Cultural Safety in Clinical Practice Part AThe Treaty of Waitangi was signed on 6th of February 1840 by 40 Maori chiefs to signify unity and peace between the Crown and Maori (Broom, et al., 2007). Today the treaty is used in all aspects of life in New Zealand, including healthcare. An important concept to remember in regards to tangata whenua, or the people of the land, is te taha whanau is an integral part of Maori life (Medical Council of New Zealand, 2012). The Nursing Council of New Zealand says that the articles of the Treaty of Waitangi contain principles of kawanatanga and tino rangatiratanga (NCNZ, 2011).
These principles regard the right of the Crown to govern and the right of Maori to determine if the laws are ones they are willing to abide by.When Mrs S. was first admitted to the hospital, her whanau should have been a part of the process from the beginning to the end. Principle Two says that Maori and health care staff should work together in a partnership to ensure positive health outcomes (NCNZ, 2011). When Mrs S??™s husband was denied information and her family was not allowed to stay with her, 2.3 of Principle Two was completely ignored. Essentially, the doctors and nurses were acting alone in deciding and planning of Mrs S??™s care.
Maori determine individuality by the relationship with their whanau, and the whanau has the responsibility to care for the individual members (Wepa, 2005). Principle One refers to tino rangatiratanga which allows Maori rights over determining how their healthcare will be delivered (NCNZ, 2011). Maori are less likely to challenge healthcare staff even if they don??™t agree with the treatment (Medical Council of New Zealand, 2012).
Everything should be carefully worded and explained in full to the patient and whanau so nothing is misconstrued. If any organs were to be removed during surgery, Mrs S and her family should have been consulted as to what they wanted done with the body part once removed (Medical Council of New Zealand, 2012).The nurses should have made it a part of their care plan for Mrs S to include everyone in the treatment which may have had an overall better outcome other than death (Broom, et al.
, 2007). Principle Three discusses the protection of health and the responsibility of healthcare staff to uphold and acknowledge Maori beliefs and practices (NCNZ, 2011). When the specialist ignored the family??™s request for information, Mrs S and her family were not made to feel her health was taonga or that Maori principles were relevant to Mrs S??™s care. Principle Four refers to the recognition from nurses that Maori have just as much right to access and treatment in the healthcare system as everyone else (NCNZ, 2011). The nurses and doctor completely disregarded all the points of the Treaty in their care for Mrs S.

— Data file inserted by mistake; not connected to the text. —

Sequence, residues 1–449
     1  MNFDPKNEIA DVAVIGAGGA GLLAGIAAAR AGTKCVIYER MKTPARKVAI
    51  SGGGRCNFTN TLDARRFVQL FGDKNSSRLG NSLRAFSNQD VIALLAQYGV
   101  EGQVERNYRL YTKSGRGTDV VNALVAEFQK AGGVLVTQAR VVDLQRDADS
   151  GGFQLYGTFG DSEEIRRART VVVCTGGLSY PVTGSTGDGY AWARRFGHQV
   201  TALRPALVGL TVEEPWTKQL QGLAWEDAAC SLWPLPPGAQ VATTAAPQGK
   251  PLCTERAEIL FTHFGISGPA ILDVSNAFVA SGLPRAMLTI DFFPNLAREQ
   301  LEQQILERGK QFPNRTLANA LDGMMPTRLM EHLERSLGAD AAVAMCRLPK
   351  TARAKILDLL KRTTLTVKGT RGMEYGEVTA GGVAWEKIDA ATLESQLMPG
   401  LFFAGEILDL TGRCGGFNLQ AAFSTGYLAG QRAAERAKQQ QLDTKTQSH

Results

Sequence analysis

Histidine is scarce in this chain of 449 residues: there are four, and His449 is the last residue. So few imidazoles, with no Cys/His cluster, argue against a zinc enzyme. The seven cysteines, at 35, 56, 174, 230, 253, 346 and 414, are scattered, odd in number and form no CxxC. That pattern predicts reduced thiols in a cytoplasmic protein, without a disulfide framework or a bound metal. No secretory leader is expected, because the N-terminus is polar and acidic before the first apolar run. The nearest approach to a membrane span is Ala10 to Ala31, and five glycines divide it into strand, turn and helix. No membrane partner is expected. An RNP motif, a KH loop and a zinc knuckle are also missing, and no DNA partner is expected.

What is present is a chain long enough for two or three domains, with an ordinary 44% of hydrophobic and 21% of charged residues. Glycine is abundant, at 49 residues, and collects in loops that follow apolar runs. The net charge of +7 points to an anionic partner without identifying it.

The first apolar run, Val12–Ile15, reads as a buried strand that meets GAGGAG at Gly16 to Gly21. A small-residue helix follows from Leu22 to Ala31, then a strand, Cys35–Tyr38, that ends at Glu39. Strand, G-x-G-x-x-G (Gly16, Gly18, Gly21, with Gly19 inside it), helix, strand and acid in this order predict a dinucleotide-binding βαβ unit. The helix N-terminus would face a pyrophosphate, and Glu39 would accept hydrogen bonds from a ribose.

Death is an extremely personal and emotional time for all cultures, and for Maori there is an added spiritual meaning attached to it. Even Maori who don??™t practice their culture on a regular basis become more observant during the death and dying process (Medical Council of New Zealand, 2012). Mrs S??™s whanau needed time to be with her during her last moments so they could say goodbye. Many whanau would prefer to have their loved one at home rather than have them die in a hospital (Wepa, 2005). Death for most Maori mean a time of family togetherness so that rituals and farewells can be completed. A Maori belief is that the body, tupapaku, is still inhabited by the spirit, wairua, for a while after death (Medical Council of New Zealand, 2012). The spirit is thought to come and go at will several times.
When Mrs S died, her family should have been allowed to not only be there during her final moments of life, but to prevent evil spirits from entering her body while her spirit was gone (Medical Council of New Zealand, 2012). A private room should have been made available for whanau if possible. The whanau may wish to wash and prepare the body themselves, so healthcare staff has a duty to be aware and respectful of this (Broom, et al., 2007). The family should be allowed time to grieve before the body is moved, and they must be consulted with regard to how the body will be wrapped (Medical Council of New Zealand, 2012).
The body should be released to the family as soon as possible so that it can be brought to the marae and the tangihanga can begin. Maori have a strong belief in kanohi kitea, the face that can be seen, so it would respectful for the doctors and nurses to show their faces during the tangihanga (Medical Council of New Zealand, 2012). Cultural Safety in Clinical Practice Part BOxford Dictionary (2012) defines culture as being ???the ideas, customs, and social behaviour of a particular people or society??? (para. 2). The term cultural safety was identified in New Zealand at the Hui Waimanawa in 1988 by a young first year nursing student who queried why everyone was concerned with every other type of safety but not about cultural safety (Wepa, 2005). The key concepts of education surrounding cultural safety had already started being formed, and finally there was a name to attach with the concepts (Wepa, 2005). In 1991, the NCNZ decided to make it a requirement for 20% of the state exam consisting of questions regarding cultural safety (Papps & Ramsden, 1996). This meant that nurses not only had to be competent academically and clinically but also had to demonstrate a deeper understanding of what it meant to be culturally safe (Papps, 2002).